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Old March 12th, 2002, 09:47 PM   #3
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Steve Jobs owns Pixar

I am amazed that there is a "need" to appease the Mac fans...

Anyway, Jobs owns a portion of Pixar, not the whole thing.

Also, you will note that despite Jobs ownership share that Pixar does not use a significant number of Macintosh computers.

They use Silicon Graphics, Sun and IBM UNIX workstations primarily. There is some use of Windows NT with Lightwave for modelling, they use propietary software for rigging and animation, then render using renderman on SGI and Sun machines.

I expect on the next upgrade round they will move from NT to OS X and Linux on the workstations.
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Old March 12th, 2002, 09:56 PM   #4
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Appease

When you're the 10:1 underdog in overal computer user's worldwide but an overall favorite in a niche such as DV editing- we Mac user's tend to "uprise" our positions as computer user's.......

MacAddict Magazine wrote an article mentioning the fact that Steve Jobs bought Pixar outright from George Lucas (If i am recalling correctly) and since it was mentioned here I just thought it would be cool to mention it....

..most Mac owner's know who Steve Job's is- I bet most pc owner's don't know the name of the CEO of their pc's manufacturer.

...just a tidbit of fanfare for us Mac owner's- not a prompt for a fight.
(I don't have Steve Job's $$$- so I don't really care on a personal level)

Have fun-
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Old March 12th, 2002, 10:16 PM   #5
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I happent to know the CEO of the company who built my PC rather well...he is me!

What people know about their PC is who makes their OS...Bill Gates or Linus Torvalds. Whatever...

I personally don't care much about the tools or their makers, though my ire will be raised when whatever I am using doesn't work.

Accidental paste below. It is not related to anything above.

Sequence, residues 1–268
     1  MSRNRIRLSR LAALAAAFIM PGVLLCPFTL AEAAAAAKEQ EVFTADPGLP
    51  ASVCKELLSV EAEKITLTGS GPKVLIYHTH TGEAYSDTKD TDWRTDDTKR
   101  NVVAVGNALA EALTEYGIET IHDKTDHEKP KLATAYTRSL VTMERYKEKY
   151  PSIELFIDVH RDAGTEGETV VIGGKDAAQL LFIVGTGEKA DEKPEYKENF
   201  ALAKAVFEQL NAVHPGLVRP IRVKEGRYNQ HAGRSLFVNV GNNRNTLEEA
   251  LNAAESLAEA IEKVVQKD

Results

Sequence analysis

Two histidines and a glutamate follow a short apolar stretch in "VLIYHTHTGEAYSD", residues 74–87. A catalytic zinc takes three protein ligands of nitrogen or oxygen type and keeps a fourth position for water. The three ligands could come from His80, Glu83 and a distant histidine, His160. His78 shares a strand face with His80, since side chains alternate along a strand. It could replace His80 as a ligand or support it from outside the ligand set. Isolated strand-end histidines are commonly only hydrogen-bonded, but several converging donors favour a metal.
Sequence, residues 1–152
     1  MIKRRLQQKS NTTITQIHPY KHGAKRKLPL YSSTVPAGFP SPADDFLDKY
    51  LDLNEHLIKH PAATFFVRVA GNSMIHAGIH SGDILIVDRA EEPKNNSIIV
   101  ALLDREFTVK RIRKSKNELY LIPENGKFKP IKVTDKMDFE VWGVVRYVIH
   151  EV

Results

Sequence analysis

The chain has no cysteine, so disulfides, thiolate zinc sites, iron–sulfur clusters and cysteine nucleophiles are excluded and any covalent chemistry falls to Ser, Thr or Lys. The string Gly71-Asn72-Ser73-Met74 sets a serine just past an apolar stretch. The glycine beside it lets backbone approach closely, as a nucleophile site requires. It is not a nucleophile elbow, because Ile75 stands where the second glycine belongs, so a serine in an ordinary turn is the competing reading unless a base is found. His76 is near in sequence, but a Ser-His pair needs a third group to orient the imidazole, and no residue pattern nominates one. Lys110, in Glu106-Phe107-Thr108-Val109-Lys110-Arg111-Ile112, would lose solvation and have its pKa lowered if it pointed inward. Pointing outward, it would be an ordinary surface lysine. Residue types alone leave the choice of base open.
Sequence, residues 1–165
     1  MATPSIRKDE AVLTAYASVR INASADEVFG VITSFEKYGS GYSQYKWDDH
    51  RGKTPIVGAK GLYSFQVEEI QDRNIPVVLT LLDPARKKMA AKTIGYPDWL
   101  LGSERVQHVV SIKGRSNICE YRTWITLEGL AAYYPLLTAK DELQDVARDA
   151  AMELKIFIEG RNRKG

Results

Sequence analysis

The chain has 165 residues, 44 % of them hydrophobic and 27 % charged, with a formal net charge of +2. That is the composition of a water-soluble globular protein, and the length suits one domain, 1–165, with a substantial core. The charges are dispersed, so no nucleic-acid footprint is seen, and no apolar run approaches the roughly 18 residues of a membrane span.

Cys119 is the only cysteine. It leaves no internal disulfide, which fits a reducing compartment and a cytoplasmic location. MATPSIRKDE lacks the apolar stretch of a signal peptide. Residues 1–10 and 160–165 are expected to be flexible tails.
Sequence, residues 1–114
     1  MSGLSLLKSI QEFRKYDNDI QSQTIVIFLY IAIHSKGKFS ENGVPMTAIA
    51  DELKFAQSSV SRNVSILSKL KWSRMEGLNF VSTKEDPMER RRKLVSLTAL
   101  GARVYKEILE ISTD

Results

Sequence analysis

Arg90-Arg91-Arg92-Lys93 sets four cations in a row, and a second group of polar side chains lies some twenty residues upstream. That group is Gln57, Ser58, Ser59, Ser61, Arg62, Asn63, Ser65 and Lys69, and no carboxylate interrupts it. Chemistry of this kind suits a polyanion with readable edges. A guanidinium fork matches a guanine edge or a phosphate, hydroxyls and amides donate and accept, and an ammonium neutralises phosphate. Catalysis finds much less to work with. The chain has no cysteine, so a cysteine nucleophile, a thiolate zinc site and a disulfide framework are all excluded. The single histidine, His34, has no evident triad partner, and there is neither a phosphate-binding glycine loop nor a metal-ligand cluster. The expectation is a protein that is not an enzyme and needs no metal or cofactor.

Mac OS X looks good enough to bring me back to Mac, when it gets a little more mature.

Anyway, I think that if more Mac users are frank about real technical and cost advantages of their system they will get more converts...but they need not evangelize. Let Apple advertising do that.
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Old March 12th, 2002, 11:23 PM   #6
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Just as an aside here, we will not engage in any Mac vs. PC or Canon vs. Sony platform wars on these boards... so y'all don't even think about it now.

;-)
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Old March 13th, 2002, 05:58 AM   #7
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I re-installed my LW 7.0b to check the camera settings you
mentioned. Seems like they didn't add DV resolution in NTSC.
The PAL (D1) resolution is good though:

NTSC:
D1 720x486
D2 752x480

PAL:
D1 720x576
D2 752x576
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Old March 13th, 2002, 10:11 AM   #8
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Steve Jobs did buy Pixar from Lucas for 100 million dollars. The render farm is SUN. They use Mac's alot.
I shoot on SONY, animate with Maya (on a dual 1 Ghz P3), edit with FCP3 on Mac (dual 500's and dual 800's) composite with After Effects (Mac) and print back to DVD and DVCAM (and VHS, S-VHS).
I have also shot the GL-1 and XL-1 (and a host of other pro line cameras) and I have used Lightwave, Bryce, Strata, 3D Max, infini-D, Cinema4dXL, and RenderMan. I have edited with Avid, Ulead, Media100, Premier, Cinestream and others on both Mac and PC.
The bottom line is... use what works for you. Of course I have my preferences as does everyone, if I shoot a film and you do the effects and she does the editing and he does the audio and they do the master, in the end, when it all looks really good, nobody will care what platform was used (least of all me) when it comes time to write the check and pay us!
Whatever gets you to do your best work is what you should use.



Especially if it is a MAC! (sorry Chris, just had to do it! LOL!)

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Old March 13th, 2002, 07:07 PM   #9